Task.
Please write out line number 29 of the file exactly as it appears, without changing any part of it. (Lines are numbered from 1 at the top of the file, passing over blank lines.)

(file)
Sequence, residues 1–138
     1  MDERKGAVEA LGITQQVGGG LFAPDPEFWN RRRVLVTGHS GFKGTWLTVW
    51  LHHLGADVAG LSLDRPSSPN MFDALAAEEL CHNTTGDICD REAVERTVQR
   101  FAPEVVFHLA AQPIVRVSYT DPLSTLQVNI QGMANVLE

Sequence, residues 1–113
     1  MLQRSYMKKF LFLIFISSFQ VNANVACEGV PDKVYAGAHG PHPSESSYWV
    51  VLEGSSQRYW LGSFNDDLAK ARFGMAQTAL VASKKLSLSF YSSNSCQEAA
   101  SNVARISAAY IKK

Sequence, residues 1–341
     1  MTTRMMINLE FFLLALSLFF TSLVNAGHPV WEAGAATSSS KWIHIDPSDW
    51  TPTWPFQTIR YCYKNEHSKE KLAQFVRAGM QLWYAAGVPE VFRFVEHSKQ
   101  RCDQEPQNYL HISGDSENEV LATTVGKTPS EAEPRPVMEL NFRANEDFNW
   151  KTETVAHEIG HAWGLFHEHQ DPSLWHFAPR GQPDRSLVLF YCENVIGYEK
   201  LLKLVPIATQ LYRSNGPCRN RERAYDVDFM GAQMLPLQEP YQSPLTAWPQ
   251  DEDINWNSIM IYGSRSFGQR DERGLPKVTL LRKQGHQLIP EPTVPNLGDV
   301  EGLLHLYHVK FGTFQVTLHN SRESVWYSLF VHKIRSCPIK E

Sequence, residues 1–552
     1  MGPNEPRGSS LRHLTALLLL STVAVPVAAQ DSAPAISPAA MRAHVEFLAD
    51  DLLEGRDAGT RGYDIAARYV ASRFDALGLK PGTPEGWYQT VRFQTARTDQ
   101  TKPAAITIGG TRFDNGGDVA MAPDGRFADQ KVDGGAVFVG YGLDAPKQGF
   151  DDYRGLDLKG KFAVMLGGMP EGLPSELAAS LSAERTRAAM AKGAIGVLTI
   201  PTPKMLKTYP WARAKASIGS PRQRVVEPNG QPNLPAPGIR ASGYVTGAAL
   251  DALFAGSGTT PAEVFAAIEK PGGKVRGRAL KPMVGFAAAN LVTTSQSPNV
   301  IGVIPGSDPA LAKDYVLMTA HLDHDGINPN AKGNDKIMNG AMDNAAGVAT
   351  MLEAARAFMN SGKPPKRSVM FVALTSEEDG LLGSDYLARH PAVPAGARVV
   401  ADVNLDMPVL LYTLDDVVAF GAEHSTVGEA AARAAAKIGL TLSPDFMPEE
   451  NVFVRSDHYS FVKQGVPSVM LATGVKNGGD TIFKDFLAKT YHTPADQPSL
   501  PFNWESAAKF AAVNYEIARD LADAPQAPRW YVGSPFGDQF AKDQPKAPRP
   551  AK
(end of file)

   551  AK